February Road Salt Forum

Riversides Stewardship Alliance and the Sierra Legal Defence Fund are hosting a public forum on road salt use. Here are the details of the event:

A Low-Salt Diet for Ontario's Roads and Rivers


Road Salts: the Science and Policy

Thursday, February 23rd


Metro Hall – Room 303

55 John Street, Toronto

RiverSides Stewardship Alliance and Sierra Legal Defence Fund have released an investigative new report documenting the dramatic toll road salts are taking on Ontario's environment and built infrastructure, and are calling for major changes in the way these environmentally toxic substances are dealt with. To view the full report and media release visit

Despite the December 2001 classification by Environment Canada and Health Canada as an environmentally toxic substance under the Canadian Environmental Protection Act, 1999 (CEPA), there are currently no mandatory requirements for managing road salts for winter road maintenance in Ontario. Each winter we use 2 million tonnes in Ontario alone, with devastating impacts on roadside vegetation, surface and ground water quality, and aquatic and terrestrial wildlife.

RiverSides has compiled a panel of leading scientific, legal, policy and safety experts who will lead a public discussion of road salts impacts and help answer the timeless question – what can we do to reduce the worst excessive use of road salts, given the need to balance road safety with ecosystem protection?

This public forum will be moderated by John Wilson, noted Toronto environmentalist and Chair of the City of Toronto Task Force to Bring Back the Don.

Forum panelists include:

- Councillor Shelley Carroll, City of Toronto (to be confirmed) – City of Toronto’s Road Salts Policy
- Bill Snodgrass, Priority Substances List Road Salts Assessment Report Member – The CEPA Road Salts Assessment Process
- Dr. Anastasia Lintner, Sierra Legal Defence Fund – Road Salts Policy
- Paul Allen, inRoads – Road Safety and Road Salts
- Kevin Mercer, RiverSides Stewardship Alliance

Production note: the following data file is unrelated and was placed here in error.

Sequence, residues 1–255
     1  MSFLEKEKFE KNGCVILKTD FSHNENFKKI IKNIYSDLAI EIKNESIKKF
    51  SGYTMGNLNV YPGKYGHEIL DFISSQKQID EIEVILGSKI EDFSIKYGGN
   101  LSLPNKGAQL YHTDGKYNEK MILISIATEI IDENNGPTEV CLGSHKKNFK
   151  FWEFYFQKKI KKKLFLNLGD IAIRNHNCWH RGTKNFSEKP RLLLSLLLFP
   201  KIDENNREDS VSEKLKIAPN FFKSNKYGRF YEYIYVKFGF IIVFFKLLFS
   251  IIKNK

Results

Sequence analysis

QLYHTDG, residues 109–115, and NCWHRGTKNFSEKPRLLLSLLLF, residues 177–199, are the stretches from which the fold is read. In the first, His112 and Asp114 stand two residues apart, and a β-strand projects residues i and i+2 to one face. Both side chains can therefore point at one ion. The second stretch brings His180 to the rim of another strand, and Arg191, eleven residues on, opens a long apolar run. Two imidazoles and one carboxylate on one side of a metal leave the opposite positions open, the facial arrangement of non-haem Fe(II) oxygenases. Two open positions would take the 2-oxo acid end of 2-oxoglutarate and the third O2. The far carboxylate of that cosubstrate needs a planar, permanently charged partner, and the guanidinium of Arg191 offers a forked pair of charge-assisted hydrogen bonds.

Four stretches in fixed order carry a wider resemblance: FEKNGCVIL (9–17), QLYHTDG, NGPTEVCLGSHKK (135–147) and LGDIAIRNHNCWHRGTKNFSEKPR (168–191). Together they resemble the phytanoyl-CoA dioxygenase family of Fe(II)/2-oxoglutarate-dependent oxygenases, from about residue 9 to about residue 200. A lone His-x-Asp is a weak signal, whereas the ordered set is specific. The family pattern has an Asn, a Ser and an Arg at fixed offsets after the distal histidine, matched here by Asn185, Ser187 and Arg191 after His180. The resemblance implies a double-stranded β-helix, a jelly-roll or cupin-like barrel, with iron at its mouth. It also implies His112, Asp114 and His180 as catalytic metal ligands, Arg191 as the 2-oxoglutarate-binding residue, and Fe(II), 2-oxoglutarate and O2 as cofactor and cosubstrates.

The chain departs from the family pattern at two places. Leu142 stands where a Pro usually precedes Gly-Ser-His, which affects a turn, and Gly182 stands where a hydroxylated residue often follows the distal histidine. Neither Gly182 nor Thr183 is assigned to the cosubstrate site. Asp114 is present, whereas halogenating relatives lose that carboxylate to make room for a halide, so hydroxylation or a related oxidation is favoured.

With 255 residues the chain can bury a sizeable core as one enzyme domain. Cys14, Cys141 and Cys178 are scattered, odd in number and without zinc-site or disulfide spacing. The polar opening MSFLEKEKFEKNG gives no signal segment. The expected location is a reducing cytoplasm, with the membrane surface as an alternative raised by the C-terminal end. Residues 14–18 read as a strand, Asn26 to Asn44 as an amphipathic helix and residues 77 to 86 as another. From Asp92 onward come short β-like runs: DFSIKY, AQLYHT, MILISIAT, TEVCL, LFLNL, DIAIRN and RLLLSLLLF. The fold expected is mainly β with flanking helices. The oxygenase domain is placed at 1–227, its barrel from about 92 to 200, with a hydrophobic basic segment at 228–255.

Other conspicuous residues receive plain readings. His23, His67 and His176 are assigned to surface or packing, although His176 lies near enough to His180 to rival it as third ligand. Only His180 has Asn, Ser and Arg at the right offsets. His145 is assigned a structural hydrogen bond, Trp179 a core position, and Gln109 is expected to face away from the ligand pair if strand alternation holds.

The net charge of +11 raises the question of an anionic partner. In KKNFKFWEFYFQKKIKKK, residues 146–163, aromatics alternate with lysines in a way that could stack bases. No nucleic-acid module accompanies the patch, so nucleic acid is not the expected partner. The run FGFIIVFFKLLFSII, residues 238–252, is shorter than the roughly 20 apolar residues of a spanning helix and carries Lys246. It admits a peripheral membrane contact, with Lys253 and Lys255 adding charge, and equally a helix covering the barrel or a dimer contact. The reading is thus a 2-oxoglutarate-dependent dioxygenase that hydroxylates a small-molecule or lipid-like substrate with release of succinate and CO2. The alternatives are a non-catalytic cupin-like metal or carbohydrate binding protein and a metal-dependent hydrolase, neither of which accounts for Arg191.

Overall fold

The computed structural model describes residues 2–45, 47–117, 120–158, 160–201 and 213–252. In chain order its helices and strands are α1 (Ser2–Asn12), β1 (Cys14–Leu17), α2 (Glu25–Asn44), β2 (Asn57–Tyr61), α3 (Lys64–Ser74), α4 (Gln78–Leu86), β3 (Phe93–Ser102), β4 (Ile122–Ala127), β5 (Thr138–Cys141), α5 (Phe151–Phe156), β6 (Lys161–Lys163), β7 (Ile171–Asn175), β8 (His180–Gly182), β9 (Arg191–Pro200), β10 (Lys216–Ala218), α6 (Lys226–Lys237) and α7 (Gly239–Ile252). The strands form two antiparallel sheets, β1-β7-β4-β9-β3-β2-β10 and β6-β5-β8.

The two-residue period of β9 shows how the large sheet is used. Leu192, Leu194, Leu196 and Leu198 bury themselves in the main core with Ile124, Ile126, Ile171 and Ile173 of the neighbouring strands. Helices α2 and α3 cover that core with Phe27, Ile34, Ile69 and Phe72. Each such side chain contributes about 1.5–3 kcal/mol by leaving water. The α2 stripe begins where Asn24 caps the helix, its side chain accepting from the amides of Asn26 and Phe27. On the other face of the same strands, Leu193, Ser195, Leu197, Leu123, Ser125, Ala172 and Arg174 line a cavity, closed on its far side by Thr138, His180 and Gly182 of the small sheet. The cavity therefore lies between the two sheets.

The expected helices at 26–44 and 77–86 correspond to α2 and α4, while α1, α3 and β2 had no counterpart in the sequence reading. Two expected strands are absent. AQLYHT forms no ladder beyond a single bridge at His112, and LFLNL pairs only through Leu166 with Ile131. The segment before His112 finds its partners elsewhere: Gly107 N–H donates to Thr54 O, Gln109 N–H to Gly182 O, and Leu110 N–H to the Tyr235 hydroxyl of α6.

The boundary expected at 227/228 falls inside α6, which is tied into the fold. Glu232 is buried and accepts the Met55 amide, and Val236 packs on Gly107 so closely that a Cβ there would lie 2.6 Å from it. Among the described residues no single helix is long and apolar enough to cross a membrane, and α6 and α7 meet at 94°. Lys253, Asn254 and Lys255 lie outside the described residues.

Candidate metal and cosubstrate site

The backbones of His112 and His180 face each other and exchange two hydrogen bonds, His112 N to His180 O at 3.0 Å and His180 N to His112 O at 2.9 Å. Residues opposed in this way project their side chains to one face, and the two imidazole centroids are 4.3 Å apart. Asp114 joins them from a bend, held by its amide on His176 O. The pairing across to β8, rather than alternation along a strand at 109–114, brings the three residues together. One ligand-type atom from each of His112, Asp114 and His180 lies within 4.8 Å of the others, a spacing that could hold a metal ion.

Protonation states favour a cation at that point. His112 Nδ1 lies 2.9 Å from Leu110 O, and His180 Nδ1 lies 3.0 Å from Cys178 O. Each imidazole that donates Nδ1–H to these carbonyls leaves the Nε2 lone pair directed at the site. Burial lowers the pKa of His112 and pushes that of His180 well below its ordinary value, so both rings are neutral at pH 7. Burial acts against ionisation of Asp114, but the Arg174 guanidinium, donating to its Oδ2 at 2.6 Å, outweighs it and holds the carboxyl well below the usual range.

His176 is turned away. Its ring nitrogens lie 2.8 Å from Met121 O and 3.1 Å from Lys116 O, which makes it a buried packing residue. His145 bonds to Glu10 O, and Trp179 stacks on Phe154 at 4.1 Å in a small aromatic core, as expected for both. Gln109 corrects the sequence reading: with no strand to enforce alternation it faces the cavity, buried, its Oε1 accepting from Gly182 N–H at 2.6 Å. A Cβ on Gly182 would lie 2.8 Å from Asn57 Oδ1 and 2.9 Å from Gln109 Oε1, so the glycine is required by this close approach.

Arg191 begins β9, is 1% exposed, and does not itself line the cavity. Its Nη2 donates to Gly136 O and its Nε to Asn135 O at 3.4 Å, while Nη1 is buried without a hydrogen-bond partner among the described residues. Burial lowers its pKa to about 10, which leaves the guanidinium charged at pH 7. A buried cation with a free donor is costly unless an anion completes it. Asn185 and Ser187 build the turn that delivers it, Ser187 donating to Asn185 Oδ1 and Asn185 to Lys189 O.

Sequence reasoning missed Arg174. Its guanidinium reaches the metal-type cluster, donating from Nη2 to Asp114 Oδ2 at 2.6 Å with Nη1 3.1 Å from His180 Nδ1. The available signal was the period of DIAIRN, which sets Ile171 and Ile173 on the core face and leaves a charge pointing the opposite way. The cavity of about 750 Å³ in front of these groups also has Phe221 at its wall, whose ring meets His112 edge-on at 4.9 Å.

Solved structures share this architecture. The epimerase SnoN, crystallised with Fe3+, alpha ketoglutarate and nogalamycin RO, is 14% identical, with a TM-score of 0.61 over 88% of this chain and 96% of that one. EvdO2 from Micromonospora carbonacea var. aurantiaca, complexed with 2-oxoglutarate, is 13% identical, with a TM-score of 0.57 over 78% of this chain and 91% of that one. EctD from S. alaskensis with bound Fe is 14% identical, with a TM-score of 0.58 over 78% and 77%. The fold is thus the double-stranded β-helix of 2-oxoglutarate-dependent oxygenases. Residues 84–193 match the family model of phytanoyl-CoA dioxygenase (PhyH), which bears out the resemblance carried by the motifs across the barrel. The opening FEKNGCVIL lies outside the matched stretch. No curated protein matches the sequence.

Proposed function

Everyone is welcome!

Registration is free and refreshments will be served.

To pre-register or for more information contact:

Jennifer Hounsell

Tuesday, February 14, 2006

Evergreen/Brick Works Events

Evergreen is hosting two events this week that you might be interested in. On Wednesday Feb 15, 6-9 PM, they are hosting a seminar called "Interpretive Strategy for Evergreen Commons" at Hart House at the University of Toronto. The evening will allow participants to discuss methods that Evergreen can use to interpret the cultural and environmental aspects of the Brick Works.

On Saturday Feb 18 at 1 PM they are hosting an interpretive walk around the quarry ponds. Visit their website for further details.

Monday, February 13, 2006

Worthington comments on Brick Works Plan

Peter Worthington, erstwhile columnist and former editor for the Toronto Sun has put in his two cents worth on Evergreen's plan for the Don Valley Brick Works. Dog owner Worthington recently wrote a column where he laments that Evergreen's plans may mean that his quiet dog run in the Brick Works quarry ponds is going to end. He does reluctantly point out that the pond area is NOT an off-leash area even though he would like it to be.

Interesting that Worthington quotes Toronto Humane Society's Tim Trow who claims to be a member of the Brick Works Public Advisory Committee. However I can state categorically that he is not a member of the BWPAC and never has been. How do I know? I sit on the advisory committee and Mr. Trow is not a member and has never even been appeared as a guest. So there.

Sunday, February 12, 2006

Reduce Salt Use: It's Killing Our Rivers

Recently, Kevin Mercer, a member of Bring Back the Don and head of Riversides Stewardship Alliance, held a press conference with the Sierra Legal Defence Fund calling for the Ontario government and municipalities in southern Ontario to reduce salt use on our winter roads by a minimum of 50%. They believe that road safety standards can be maintained by mandatory use of snow tires and by using better salt spraying techniques such as the use of brine.

In the winter of 2000, in response to a request from RiverSides, Toronto city staff monitored the impact of road salt and snow dumps on its rivers. The Don River significantly exceeded the provincial water quality standard of 250 mg/l for chlorides with results ranging from 1,200 mg/l in the German Mills Creek to 850 mg/l in the river’s main branch. In short, we are practically pickling our rivers.